The AHA praised the Fourth Circuit. “The court correctly ruled that the cross unconstitutionally endorses Christianity,” Monica Miller of the AHA’s Appignani Humanist Legal Center said. AHA executive director Roy Speckhardt added, “Religious neutrality is important in a pluralistic society like ours.”

The case may go all the way to the U.S. Supreme Court. “First Liberty, working with the law firm of Jones Day, is evaluating all options available to The American Legion, including an appeal to the U.S. Supreme Court,” the First Liberty website promises.

The nation’s court system has handled similar cases in divergent ways. The infamously liberal Ninth Circuit found a San Diego 29-foot war memorial cross unconstitutional and the government sold the land to a private association.  

An Iowa Vietnam War monument of a soldier bowing before a fallen compatriot’s grave cross -- on public land with a private use contract -- was removed after city council bowed to legal pressure. (Some council members were voted out in a subsequent election.)

A North Carolina veteran’s memorial of a soldier kneeling before a cross was not only removed but in fear of an expensive lawsuit the city banned private citizens from flying religious flags at the memorial.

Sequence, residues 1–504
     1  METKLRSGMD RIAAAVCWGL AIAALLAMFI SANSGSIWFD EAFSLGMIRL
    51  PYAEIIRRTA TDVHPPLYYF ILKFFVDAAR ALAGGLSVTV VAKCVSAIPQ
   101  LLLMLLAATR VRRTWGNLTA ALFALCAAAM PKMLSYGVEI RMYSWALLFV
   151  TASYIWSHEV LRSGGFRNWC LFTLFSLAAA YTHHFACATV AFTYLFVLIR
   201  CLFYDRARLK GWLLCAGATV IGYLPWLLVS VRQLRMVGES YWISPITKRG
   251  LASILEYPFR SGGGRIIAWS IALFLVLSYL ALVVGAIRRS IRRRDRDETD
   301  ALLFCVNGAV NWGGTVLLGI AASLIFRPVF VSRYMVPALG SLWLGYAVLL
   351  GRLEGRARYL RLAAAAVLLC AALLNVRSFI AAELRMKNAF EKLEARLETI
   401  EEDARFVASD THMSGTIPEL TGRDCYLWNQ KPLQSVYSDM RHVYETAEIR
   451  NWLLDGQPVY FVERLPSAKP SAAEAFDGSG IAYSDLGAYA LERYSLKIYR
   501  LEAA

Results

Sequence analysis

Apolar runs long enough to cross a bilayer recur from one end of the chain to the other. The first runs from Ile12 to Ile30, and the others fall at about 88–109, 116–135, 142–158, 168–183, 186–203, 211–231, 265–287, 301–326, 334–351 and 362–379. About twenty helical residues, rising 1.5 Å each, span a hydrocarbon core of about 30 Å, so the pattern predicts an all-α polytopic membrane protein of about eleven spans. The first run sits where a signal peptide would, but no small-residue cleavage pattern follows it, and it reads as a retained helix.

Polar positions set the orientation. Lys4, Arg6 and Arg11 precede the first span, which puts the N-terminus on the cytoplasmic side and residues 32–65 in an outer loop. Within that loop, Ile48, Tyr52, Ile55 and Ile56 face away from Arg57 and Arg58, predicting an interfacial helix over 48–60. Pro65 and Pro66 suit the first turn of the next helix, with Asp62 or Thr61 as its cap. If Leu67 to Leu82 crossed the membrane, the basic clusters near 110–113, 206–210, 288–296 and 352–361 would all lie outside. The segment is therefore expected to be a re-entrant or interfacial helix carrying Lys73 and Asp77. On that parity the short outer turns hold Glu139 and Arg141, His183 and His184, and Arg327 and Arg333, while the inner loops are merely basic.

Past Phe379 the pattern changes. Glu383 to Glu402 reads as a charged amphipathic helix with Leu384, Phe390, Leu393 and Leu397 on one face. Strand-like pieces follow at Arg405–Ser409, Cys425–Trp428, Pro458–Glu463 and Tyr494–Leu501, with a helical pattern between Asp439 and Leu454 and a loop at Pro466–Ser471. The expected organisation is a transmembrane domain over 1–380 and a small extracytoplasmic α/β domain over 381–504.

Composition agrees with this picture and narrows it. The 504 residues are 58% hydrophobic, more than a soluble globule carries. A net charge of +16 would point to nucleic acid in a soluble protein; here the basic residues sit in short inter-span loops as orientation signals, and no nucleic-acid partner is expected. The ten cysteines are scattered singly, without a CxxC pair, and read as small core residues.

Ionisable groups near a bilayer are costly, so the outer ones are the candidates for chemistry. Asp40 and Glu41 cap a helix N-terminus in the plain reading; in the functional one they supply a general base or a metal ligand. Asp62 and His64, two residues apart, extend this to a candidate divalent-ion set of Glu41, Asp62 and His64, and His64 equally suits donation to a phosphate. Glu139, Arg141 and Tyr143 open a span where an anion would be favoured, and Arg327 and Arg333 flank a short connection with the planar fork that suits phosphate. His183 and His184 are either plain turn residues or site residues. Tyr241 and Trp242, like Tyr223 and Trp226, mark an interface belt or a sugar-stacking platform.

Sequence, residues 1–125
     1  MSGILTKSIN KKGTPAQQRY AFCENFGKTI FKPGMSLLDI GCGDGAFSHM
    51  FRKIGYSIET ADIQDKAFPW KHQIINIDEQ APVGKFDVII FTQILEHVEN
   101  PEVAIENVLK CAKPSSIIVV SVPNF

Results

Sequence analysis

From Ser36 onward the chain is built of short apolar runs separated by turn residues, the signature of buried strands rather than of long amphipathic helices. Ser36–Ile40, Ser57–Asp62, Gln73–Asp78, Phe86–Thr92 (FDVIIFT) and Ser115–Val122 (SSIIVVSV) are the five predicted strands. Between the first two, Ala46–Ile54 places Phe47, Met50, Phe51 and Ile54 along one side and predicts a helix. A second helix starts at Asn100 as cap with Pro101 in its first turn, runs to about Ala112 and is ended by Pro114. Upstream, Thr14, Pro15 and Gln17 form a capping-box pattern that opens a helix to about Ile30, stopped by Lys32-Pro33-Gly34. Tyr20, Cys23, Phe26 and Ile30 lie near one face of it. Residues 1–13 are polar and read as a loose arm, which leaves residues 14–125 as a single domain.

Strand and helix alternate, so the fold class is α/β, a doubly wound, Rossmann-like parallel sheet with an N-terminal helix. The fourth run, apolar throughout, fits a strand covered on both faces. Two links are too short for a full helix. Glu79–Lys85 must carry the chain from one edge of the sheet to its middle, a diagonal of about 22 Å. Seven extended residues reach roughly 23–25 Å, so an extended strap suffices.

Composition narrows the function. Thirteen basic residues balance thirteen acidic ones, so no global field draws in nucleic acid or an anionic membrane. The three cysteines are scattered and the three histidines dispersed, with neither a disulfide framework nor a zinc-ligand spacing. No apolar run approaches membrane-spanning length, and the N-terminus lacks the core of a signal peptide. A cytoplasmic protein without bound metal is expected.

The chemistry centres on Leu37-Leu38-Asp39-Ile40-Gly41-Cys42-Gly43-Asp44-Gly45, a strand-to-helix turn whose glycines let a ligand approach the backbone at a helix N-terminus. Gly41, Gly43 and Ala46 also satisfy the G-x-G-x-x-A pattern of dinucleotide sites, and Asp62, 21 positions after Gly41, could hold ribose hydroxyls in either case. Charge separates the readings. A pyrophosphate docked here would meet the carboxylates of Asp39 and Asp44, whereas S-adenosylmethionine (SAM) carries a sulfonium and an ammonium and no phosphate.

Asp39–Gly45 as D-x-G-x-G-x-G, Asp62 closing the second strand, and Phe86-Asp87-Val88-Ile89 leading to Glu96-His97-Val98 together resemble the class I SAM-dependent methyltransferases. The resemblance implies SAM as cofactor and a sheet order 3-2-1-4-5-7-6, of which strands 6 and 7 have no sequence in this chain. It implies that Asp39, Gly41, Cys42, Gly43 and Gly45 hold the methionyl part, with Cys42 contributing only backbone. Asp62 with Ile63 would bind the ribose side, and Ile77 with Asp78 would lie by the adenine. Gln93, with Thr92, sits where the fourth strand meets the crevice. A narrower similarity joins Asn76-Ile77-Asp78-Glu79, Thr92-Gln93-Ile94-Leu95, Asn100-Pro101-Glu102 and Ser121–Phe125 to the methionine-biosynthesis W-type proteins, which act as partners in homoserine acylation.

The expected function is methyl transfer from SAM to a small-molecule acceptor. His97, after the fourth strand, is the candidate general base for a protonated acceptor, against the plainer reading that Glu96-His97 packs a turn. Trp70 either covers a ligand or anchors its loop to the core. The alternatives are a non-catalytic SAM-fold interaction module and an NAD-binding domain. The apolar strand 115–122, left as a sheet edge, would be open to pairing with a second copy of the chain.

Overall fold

“Americans shouldn’t be forced to censor religion’s role in history simply to appease someone who is offended by it or who has a political agenda to remove all traces of religion from the public square,” the Alliance Defending Freedom’s David Cortman said in reference to a Ten Commandments monument in New Mexico that the U.S. Supreme Court ordered removed.  

The nation’s highest court also outlawed two Ten Commandment displays in Kentucky. However, the justices upheld Ten Commandment monuments in Arkansas, Nebraska, and Texas.

The ADF’s New Mexico appeal asked the Supreme Court to decide if people can sue over a display just on the basis of personal offense. The appeal also asked the high court to determine how the Establishment Clause, which speaks to personal speech and activity, should be applied to monuments.

You may view the Fourth Circuit panel’s Bladensburg decision here.

Over the weekend, the government removed the webpage of the monument, which now immediately redirects the public to the town’s site.